A point that Jim Muncy (or Henry Vanderbilt, or both) made last night in the wrap-up session was that he have to keep stamping down this nonsense that the new policy is the end of human spaceflight. Unfortunately, it’s like whack-a-mole. Here’s the latest, over at American Thinker:
America’s subsequent triumph in space, as the first and only nation to land men on the moon and safely return them, is the greatest achievement of the 20th century. So it makes perverted sense for Obama to destroy our pride in this matchless accomplishment and stage our humiliation before the world. America, which once deployed masterly innovation, commitment and daring to vanquish the Soviets in space, is now deliberately stranding seven astronauts in orbit with no way home except to hitch a ride from the Russians. We’ve surrendered the New Frontier.
The symbolism is breathtaking. From now on, whenever we remember with pride the courage and sacrifice of the Mercury astronauts, or Neil Armstrong taking “One small step for a man, one giant step for mankind,” or Jim Lovell and the crew of Apollo 13 calmly tinkering with duct tape to repair their capsule, we’ll quickly deflate with the afterthought: “Oh yeah. Now the Russians do that. We don’t.” There will always be a punchline, an asterisk, an anti-climactic stain at the end of the story.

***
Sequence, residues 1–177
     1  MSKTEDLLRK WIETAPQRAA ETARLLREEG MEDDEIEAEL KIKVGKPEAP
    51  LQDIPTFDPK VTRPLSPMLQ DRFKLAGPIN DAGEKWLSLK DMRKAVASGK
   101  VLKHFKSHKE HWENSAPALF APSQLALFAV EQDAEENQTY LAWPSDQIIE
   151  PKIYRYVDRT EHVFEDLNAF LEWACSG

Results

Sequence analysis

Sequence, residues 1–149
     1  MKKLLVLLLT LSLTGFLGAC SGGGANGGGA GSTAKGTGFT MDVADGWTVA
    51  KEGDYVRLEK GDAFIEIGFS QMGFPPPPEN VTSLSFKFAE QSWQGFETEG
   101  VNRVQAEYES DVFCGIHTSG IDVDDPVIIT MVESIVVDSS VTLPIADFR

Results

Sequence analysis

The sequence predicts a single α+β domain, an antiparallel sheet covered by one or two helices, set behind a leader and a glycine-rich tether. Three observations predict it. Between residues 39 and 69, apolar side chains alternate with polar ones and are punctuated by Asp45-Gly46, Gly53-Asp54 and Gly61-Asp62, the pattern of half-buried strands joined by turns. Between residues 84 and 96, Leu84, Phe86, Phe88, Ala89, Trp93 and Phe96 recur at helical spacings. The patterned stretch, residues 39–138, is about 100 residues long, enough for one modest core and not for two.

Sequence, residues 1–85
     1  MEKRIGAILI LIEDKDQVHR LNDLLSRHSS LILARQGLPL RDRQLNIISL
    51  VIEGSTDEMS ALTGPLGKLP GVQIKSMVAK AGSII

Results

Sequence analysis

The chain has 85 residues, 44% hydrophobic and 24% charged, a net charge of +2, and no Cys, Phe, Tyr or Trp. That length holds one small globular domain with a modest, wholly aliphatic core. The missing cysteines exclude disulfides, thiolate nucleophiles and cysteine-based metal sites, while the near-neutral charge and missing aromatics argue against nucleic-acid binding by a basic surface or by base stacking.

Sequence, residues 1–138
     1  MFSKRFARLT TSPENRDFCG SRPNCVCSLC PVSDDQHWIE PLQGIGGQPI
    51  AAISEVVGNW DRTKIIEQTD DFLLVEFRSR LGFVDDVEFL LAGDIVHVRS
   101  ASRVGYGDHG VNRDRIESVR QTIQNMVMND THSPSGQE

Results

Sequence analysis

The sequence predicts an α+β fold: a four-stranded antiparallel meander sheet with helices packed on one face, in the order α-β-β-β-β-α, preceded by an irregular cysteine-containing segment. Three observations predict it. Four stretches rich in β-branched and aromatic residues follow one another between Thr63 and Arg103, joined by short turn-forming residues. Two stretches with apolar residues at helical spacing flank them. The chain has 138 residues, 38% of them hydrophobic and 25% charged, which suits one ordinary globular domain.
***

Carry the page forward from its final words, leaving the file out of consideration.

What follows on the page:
Hey, lady? News flash. That was the Bush administration policy. And with that plan, we were not only going to be without a means to get to the space station before 2017 (and likely later), but at that point in time, we wouldn’t even have a space station. So if you’re going to complain about “surrender in space,” you’re six years late, and blaming the wrong guy.